Today, Singapore is leading the way when it comes to green buildings, and greenery explodes from its high rises. Take the Parkroyal on Pickering, one of the most environmentally friendly hotels. Along with rain and sunlight harvesting systems, there’s a spectacular sky garden, the footprint of which is the same as nearby Hong Lim Park.
Then there’s Orchard Road’s Shangri-La Hotel Singapore, a veritable microcosm of Asia’s flora and fauna with gardens home to 130,000 species of plants. At one point, during a wander around the greenhouse-like Garden Wing, I turned a corner to find a koi carp-filled pond. Next to it was an elderly Singaporean man, bent over an easel, who turned out to be the hotel’s resident artist. Guests can take home the watercolours he produces, to bring a little of Singapore’s wild side back with them.
Bintan: Wild at heart
Greener still is Bintan, an Indonesian island close to Singapore – just 50 minutes away via high-speed ferry and making for a pleasant twin-centre holiday. In recent years, several hotels have sprung up on the lush island, and much of the construction is taking place in the centre around a man-made lagoon. Canoes, jet skis, stand-up paddleboards and sail boats can be hired at the water sports centre, and adrenaline junkies can sign up for Jetovator sessions (picture, if you dare, a water-propelled flying bike).
While the lagoon area is popular with families, Bintan’s beach resorts tend to attract couples. Craving some peace and quiet, we headed to the island’s white-sand beaches to check in to Banyan Tree Bintan resort, where 64 villas line a forested hillside overlooking the ocean.
“The bat came back every evening, always alone, to sway quietly away from the rafters as we enjoyed our sundowners.”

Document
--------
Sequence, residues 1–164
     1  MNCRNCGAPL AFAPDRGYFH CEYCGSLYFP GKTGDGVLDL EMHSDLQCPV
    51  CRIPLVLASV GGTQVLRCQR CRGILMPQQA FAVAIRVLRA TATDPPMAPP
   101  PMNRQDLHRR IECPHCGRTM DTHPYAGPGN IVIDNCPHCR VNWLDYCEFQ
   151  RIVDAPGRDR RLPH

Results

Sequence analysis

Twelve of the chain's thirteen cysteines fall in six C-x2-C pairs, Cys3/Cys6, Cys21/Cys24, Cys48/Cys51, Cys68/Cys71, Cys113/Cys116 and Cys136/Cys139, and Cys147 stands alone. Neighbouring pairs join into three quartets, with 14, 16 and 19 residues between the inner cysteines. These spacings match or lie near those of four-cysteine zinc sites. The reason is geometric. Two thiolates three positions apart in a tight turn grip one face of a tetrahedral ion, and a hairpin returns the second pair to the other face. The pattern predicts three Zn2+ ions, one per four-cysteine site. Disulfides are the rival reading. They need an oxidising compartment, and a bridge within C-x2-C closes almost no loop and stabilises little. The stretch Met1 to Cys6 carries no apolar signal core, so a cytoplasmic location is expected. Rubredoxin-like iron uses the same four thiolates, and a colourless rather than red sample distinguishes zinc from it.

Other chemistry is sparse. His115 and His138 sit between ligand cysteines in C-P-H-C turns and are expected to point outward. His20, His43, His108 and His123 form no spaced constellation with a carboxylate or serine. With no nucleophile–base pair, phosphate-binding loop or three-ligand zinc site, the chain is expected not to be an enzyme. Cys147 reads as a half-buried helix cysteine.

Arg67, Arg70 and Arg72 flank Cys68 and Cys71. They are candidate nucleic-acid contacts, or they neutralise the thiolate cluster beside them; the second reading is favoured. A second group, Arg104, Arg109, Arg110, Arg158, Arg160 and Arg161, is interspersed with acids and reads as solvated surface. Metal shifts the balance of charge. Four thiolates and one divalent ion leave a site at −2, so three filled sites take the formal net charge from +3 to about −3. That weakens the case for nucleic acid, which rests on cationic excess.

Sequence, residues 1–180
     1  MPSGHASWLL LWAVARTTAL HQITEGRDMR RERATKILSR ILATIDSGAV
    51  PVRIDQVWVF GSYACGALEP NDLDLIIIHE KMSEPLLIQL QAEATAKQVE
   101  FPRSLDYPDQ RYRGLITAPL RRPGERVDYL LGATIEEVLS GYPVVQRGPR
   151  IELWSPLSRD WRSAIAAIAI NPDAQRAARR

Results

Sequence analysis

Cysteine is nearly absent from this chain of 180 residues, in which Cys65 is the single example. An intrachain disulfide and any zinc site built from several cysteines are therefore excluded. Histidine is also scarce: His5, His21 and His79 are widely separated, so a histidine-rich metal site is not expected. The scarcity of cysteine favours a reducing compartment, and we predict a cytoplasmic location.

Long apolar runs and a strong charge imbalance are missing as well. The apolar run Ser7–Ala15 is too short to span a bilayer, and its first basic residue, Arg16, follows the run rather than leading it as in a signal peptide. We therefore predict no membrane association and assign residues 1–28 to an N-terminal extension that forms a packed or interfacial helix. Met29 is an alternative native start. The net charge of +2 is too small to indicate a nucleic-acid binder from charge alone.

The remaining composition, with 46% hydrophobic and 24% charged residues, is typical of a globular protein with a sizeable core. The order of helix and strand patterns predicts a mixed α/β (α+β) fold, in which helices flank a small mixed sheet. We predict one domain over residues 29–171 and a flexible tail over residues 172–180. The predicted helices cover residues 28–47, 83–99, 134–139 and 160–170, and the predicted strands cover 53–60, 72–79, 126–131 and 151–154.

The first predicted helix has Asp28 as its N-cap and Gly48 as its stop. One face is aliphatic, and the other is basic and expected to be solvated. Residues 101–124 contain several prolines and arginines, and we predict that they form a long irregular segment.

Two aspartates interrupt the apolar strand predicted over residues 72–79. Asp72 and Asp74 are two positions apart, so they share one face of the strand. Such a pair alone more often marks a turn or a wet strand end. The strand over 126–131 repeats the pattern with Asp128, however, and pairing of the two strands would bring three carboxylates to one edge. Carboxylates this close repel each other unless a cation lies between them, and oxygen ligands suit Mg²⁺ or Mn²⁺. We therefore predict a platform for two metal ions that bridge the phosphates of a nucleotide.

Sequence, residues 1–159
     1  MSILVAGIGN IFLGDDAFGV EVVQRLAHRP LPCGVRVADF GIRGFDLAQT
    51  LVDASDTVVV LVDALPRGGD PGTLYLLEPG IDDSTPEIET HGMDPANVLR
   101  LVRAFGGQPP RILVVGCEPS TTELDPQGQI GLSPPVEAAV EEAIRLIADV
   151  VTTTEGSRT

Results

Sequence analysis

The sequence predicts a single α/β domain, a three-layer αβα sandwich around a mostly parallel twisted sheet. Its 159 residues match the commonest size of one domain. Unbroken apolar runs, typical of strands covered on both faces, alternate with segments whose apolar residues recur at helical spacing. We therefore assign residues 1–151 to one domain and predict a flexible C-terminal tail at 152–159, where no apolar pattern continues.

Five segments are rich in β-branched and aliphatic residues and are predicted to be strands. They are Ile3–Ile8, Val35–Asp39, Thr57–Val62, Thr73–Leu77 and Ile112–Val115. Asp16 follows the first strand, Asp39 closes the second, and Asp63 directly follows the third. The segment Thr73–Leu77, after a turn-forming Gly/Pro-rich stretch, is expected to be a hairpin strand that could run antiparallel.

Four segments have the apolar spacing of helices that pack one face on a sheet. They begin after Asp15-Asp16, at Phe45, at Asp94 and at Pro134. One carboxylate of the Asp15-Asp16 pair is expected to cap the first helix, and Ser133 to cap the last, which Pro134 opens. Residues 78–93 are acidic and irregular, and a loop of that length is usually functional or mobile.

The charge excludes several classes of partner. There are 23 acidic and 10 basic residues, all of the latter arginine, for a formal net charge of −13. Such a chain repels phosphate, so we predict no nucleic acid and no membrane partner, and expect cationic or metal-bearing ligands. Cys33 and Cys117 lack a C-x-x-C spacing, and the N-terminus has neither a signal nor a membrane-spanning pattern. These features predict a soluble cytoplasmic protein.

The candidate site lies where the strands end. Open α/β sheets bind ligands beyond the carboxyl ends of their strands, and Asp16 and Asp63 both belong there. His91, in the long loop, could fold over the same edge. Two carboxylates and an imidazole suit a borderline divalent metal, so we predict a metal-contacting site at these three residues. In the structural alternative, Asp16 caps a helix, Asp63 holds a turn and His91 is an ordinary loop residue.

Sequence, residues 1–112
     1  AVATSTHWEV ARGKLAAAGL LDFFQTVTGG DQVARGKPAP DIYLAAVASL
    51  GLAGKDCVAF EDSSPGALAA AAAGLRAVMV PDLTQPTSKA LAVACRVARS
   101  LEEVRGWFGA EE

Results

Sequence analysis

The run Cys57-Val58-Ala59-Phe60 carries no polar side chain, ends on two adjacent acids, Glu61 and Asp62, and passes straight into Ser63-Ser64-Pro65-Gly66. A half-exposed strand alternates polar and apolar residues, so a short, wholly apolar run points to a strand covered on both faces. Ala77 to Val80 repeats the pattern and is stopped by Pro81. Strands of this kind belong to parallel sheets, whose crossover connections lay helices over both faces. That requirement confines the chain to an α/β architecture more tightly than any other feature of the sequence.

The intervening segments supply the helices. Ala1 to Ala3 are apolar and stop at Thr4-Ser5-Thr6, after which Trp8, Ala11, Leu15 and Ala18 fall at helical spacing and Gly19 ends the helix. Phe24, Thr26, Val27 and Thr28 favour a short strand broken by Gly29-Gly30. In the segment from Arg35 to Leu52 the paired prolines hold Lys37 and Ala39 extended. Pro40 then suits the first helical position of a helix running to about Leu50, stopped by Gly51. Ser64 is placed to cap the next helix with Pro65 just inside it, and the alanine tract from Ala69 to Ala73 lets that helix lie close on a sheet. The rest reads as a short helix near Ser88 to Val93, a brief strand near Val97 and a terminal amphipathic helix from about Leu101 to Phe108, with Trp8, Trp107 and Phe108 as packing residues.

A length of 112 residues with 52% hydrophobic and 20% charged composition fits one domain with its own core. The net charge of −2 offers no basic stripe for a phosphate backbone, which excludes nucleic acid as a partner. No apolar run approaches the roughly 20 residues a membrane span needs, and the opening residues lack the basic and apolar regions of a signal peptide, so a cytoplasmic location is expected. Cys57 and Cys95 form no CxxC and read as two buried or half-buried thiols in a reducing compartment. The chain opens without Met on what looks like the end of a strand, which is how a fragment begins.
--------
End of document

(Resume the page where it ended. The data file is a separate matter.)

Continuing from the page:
When darkness falls, bats flutter constantly across the sky, and one night, we returned from dinner to find one hanging outside our villa. It came back every evening, always alone, to sway quietly from the rafters as we enjoyed our sundowners. We named him ‘Bintan Billy’, and when we retired for the night, he flapped his wings in disapproval.
I can see why the island’s wildlife has a soft spot for this part of Bintan. Next day, we set out on a guided cycle ride through the jungle – one of many options guests can choose from, alongside birdlife talks, mangrove tours and helping to plant coral.
We spotted snakes, monkeys and a huge, spherical blowfish drifting through the clear waters, while I fell in love with the tiny turtles that wildlife experts were set to release into the ocean.
Yet even though he was nowhere in sight when we came to check out, my heart was still with Billy. If only he knew that I’m already counting the days until my next visit to this lush green island and, hopefully, a reunion with Bintan Billy.
A night’s B&B in a Rainforest Seaview Villa at Banyan Tree Bintan starts at £305.
Intrepid Travel offers a 14-day Bangkok to Singapore trip. Prices start at £1,219, including 14 nights’ accommodation, nine meals, transport and most activities.
Ask the expert
Donna Jeavons, sales & marketing director UK and Europe, Contiki
“Southeast Asia is a key holiday destination for young Brits looking for adventure, and Singapore is the perfect gateway to access the region’s lush landscapes, beaches and bustling cities. It’s a melting pot of culture with a top food market scene, bargain shopping and beautiful urban parks and gardens.”
Andrew Turner, head of industry sales EMEA, Intrepid Travel
“Singapore is a great start or end point to any Asian adventure. Whether it’s the heritage of Chinatown, the traditions of Little India or the modernity of Clarke Quay, the city is a melting pot of Chinese, Malay, Indian and Arabian culture.”